The need to cut costs and maintain cash in the business during the recession means that many companies put investment plans on hold – and nowhere has that been more apparent than in the supply chain execution market. But all the signs are that demand is picking up. Kirkwood says RedPrairie is experiencing a “very robust” market in the UK. “We are exceeding our targets,” he says. “There is pent up demand from retailers – across the board there is strong demand.”
However, Allen Scott of @logistics Reply is more conservative in his assessment: “There are many companies who would like to invest in latest technology, however the impact to the bottom line, the challenges in obtaining investment from banks and the fear that we are not out of recession yet is causing many companies to refrain from major investment programmes. Projects, however, which achieve a fast return on investment or are considered very low risk are being approved.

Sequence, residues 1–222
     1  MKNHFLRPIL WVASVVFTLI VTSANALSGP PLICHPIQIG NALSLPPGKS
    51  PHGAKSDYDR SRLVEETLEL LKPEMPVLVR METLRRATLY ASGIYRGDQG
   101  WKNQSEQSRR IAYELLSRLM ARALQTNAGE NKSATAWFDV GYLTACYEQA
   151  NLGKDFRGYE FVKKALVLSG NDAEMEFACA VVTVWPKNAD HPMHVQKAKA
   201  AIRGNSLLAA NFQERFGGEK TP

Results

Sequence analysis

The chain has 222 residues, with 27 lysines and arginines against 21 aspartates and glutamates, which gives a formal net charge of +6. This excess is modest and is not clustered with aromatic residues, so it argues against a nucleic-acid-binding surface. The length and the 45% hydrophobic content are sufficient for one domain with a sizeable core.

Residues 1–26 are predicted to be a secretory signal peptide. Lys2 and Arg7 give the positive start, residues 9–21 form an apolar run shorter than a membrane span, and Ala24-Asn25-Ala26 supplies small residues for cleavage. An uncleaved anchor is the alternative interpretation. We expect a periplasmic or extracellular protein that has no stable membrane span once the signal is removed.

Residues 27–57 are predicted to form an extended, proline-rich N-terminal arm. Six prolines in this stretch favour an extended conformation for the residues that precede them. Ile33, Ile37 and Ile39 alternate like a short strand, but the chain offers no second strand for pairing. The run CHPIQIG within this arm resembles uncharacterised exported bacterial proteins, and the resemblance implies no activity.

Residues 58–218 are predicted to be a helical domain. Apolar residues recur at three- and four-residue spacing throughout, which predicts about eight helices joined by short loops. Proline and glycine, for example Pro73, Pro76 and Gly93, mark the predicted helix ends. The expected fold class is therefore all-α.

“The third party logistics sector is stronger with a number of smaller players currently looking to replace systems due to the ongoing strengthening of their businesses as companies focus on core competencies and outsource logistics to third parties.”
A recent study by AMR Research, which revealed that 44 per cent of executives believe their greatest risk in 2010 will be managing the economic recovery, is highlighted by Danny Halim, vice president of industry strategy at JDA Software.